In the Blind Spot of the Mind’s Eye

Adolf Fischer, a British labor activist was innocent yet tried and sentenced to death in 1887. With the rope around his neck, and shortly before the trap opened below his feet, he screamed that this is the happiest day in his life. He died with his goals unachieved.

One year after Fischer was hanged, a bright young fellow perfected the process of dry photography, launched his revolutionary Kodak Camera, and instantly became one of the richest men in the world. In 1932, the wealthy man surprised everybody by killing himself.

To our simple mind, the part that thinks fast, the outcomes of these 2 lives seem contradictory. How can a rich man who has achieved all the goals he set for himself commit suicide while a poor guy who hasn’t achieved anything and sentenced while innocent claim that he is dying happy?

The above can be partially explained by the fact that when our brain has incomplete information about a situation, it tends to take the information it has as all there is, and make simplistic assumptions to fill in the gaps and grasp the rest of the situation. Daniel Kahneman calls this WYSIATI (What You See is All There Is).

Our retina is attached to our brain by a nerve. At the intersection we have a blind spot. But our eyesight is not interrupted. We never see this blind spot. Why? Because our brain takes the information it has about the surrounding of the blind spot to assume what the content of the blind spot should be, and complete it. I tried the below experiment from the book. Unless you are reading this article on an iPad don’t try it, it won’t work on your computer. As your right eye gets closer to the magician, the earth at some point will go through your eye’s blind spot. Your brain will see the white around it and assume that the content of the blind spot should be white, and the earth will disappear. It will reappear when you get past the blind spot.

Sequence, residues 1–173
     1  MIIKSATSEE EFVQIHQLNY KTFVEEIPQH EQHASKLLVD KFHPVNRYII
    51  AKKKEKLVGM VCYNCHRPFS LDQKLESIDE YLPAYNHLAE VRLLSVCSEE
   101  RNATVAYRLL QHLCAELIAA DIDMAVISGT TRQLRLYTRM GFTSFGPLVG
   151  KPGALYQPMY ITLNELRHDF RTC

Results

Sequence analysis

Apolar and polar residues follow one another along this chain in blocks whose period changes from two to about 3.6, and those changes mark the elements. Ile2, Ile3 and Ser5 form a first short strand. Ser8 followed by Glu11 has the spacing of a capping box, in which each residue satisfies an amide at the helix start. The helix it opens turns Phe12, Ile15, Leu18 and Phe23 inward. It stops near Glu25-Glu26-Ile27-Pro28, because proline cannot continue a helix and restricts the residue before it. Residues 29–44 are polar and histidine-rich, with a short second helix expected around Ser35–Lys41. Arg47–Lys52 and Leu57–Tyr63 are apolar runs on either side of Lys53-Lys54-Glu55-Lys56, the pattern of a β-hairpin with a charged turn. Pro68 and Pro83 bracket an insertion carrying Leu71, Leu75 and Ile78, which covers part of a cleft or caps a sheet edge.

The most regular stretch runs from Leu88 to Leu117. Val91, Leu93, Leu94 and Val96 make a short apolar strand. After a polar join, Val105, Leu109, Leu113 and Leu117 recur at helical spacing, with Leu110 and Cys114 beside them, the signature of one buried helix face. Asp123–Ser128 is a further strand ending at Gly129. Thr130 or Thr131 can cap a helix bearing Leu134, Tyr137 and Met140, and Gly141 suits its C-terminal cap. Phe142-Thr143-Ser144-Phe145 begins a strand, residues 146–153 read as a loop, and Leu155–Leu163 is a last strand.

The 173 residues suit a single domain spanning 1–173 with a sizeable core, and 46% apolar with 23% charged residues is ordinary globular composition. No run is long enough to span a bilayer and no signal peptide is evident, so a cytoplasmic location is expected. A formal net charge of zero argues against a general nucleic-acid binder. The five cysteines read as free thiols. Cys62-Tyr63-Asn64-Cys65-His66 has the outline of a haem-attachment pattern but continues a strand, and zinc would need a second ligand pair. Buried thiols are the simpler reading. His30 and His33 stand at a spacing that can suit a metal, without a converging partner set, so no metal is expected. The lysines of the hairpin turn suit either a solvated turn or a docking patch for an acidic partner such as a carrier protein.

ImageOur memory retrieval process, like our eye, performs multiple filling in when it has incomplete information. And given that at any single moment, our senses are getting a multitude of information and our brain is going through an infinity of thoughts, it is virtually impossible to store all this information in our memory. When we want to remember how we felt in the past, we remember highlights, ups and downs, but also random stuff, and our brain fills in the rest. Therefore, the process of remembering how we felt at some point back in time is a far from perfect process. And given that we make most of our decisions for the future based on our past experience, we end up making the wrong choices some times over and over again.

Read on a bit about George Eastman and Adolf Fischer to find out that in short, Fischer died as a hero while Eastman was suffering from a terrible spine illness, which might explain a bit better the different views they had on their lives, but aren’t these simplifications that suffer from the filling in illusion as well?

Note: This is part 2 of my book review of Stumbling on Happiness. itallics are verbatim copy paste from the book. You can find part 1 of the book review here.

To be continued

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